Hurricane Dean was the first hurricane of the 2007 Atlantic Hurricane Season. The storm system formed off the coast of South America on August 13. It traveled west, building strength from the warm waters as it headed towards the South American coast and the southern arc of the Caribbean Islands. By August 17, it had grown in power to become a Category 3 hurricane, and forecasters were calling for it to potentially gain yet more strength as it passed over the warm waters of the Caribbean Sea.
Dean was projected to cause major damage. Mexican authorities, according to news sources, were warning residents in the Yucatan Peninsula of the danger of the coming storm, which was projected to strike the peninsula. The storm might also brush against the islands of Hispaniola, Jamaica, and Cuba among others. Some forecasters were concerned about the possibility of Dean developing into super storm in the Gulf of Mexico, where storm surge and waves as well as winds might pose significant dangers to the oil and gas platforms.
This data visualization of the hurricane shows observations from the QuikSCAT satellite on August 16, 2007, at 6:55 p.m. local time (21:55 UTC). At this time, Dean was poised to cross the Windward Islands of the Caribbean, while grazing the coast of Venezuela on the South American mainland. Peak winds were around 160 kilometers per hour (100 miles per hour; 85 knots) at this time, according to Unisys Weather’s Hurricane information page, making Dean a Category 2 hurricane. The image depicts wind speed in color and wind direction with small barbs. White barbs point to areas of heavy rain.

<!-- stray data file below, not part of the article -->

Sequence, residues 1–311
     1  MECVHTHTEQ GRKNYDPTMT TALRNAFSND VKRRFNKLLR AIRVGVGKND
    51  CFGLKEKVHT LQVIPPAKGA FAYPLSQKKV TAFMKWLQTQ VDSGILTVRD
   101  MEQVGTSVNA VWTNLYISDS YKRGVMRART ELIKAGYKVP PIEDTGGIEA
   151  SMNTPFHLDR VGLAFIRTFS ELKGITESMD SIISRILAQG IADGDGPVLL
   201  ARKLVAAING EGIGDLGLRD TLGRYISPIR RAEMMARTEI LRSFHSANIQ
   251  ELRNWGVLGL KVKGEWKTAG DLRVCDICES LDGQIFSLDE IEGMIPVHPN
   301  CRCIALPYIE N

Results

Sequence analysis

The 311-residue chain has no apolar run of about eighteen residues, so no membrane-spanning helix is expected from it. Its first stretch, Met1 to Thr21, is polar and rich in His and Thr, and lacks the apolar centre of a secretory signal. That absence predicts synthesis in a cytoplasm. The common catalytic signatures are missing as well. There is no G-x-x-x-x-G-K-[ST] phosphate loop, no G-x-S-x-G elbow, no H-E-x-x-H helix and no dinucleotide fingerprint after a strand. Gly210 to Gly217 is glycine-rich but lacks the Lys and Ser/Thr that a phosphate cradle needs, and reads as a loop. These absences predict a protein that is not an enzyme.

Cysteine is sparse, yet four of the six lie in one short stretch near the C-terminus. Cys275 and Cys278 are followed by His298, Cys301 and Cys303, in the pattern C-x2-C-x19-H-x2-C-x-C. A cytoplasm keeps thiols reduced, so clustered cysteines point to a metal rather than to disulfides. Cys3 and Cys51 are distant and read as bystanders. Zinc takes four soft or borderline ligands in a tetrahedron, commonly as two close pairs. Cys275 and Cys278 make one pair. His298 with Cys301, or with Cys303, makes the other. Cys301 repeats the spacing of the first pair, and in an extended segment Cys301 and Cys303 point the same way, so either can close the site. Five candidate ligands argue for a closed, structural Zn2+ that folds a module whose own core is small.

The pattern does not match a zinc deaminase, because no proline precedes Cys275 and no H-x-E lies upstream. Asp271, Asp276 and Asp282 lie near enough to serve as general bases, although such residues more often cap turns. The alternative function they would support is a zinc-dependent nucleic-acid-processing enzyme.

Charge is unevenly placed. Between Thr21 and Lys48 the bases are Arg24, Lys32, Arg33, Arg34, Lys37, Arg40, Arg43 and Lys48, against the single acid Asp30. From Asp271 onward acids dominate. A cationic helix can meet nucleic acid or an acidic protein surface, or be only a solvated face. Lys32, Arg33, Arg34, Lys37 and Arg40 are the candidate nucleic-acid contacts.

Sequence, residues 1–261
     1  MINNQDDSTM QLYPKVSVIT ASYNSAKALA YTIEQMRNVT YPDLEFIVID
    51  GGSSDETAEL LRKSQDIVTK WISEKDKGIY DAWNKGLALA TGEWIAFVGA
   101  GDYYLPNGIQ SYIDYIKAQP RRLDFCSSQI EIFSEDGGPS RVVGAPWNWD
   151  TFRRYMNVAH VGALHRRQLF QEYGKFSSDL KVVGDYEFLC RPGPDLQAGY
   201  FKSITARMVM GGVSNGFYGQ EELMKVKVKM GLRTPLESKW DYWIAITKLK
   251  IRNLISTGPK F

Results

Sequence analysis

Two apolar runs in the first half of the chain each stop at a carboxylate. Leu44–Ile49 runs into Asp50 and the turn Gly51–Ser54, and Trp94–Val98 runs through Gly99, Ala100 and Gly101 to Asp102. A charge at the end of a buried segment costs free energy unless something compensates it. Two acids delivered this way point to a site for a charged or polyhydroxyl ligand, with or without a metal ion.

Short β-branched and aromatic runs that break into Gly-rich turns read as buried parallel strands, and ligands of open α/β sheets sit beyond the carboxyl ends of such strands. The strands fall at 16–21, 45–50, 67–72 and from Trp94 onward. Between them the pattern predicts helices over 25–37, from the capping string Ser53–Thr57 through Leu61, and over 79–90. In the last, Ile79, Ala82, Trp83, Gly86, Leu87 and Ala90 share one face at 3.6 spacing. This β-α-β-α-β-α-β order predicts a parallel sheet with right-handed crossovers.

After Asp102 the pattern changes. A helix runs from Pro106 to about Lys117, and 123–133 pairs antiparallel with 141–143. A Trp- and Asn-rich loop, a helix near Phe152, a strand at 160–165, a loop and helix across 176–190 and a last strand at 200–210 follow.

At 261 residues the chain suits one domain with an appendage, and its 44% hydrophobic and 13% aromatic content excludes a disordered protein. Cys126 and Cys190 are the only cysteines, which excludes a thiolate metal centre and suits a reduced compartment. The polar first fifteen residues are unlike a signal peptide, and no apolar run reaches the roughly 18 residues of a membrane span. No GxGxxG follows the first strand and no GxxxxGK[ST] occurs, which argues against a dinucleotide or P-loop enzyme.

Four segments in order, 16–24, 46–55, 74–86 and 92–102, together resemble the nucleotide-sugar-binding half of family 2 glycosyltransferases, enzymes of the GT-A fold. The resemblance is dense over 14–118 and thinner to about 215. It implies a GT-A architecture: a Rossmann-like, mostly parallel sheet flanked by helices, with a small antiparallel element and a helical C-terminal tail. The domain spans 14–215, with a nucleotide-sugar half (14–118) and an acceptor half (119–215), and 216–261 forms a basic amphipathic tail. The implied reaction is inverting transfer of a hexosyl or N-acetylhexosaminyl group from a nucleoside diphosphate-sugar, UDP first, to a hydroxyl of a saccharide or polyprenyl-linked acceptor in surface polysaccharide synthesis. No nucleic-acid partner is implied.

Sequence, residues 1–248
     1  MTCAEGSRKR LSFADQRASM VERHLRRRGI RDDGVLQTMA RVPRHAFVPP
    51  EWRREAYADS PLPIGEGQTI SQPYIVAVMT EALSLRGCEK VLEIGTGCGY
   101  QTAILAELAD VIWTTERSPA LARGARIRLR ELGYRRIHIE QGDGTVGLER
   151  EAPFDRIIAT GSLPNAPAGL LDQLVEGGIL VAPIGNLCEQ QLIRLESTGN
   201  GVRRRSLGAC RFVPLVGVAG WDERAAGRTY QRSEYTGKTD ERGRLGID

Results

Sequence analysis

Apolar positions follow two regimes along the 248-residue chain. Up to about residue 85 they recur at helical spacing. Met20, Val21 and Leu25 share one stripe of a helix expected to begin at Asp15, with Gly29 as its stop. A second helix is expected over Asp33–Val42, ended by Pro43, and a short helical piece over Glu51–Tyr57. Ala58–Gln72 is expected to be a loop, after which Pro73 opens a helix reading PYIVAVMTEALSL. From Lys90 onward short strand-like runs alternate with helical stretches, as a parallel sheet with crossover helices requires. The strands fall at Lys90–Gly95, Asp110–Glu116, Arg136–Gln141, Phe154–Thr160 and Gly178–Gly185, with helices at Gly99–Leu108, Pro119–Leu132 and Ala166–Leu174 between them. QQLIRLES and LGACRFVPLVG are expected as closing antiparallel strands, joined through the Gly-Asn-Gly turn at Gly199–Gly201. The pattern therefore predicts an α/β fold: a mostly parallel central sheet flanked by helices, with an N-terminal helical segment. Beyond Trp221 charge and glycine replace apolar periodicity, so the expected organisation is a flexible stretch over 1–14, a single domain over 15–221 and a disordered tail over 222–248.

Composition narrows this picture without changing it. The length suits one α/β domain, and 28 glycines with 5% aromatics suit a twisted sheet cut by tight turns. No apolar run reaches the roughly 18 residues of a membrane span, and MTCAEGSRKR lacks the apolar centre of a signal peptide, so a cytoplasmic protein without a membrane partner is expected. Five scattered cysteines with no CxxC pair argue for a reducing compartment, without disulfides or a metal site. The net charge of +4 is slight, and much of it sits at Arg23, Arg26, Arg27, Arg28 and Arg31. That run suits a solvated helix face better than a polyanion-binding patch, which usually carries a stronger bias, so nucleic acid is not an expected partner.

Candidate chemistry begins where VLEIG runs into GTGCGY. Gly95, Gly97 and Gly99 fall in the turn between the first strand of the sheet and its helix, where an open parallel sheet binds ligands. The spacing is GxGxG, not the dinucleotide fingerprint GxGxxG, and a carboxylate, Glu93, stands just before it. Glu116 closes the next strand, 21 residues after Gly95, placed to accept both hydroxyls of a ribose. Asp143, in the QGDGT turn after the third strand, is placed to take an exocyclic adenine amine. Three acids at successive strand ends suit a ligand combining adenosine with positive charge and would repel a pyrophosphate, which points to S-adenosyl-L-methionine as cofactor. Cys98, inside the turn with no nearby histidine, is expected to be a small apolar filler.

QuikSCAT measurements of the wind strength of Hurricane Dean and other tropical cyclones can be slower than actual wind speeds. QuikSCAT’s scatterometer sends pulses of microwave energy through the atmosphere to the ocean surface and measures the energy that bounces back from the wind-roughened surface. The energy of the microwave pulses changes depending on wind speed and direction.
To relate the radar signal to actual wind speed, scientists compare measurements taken from buoys and other ground stations to data the satellite acquired at the same time and place. Because the high wind speeds generated by cyclones are rare, scientists do not have corresponding ground information to know how to translate data from the satellite for wind speeds above 50 knots (about 93 km/hr or 58 mph).
Also, the unusually heavy rain found in a cyclone distorts the microwave pulses in a number of ways, making a conversion to exact wind speed difficult. Instead, the scatterometer provides a nice picture of the relative wind speeds within the storm and shows wind direction.
NASA image courtesy of David Long, Brigham Young University, on the QuikSCAT Science Team, and the Jet Propulsion Laboratory.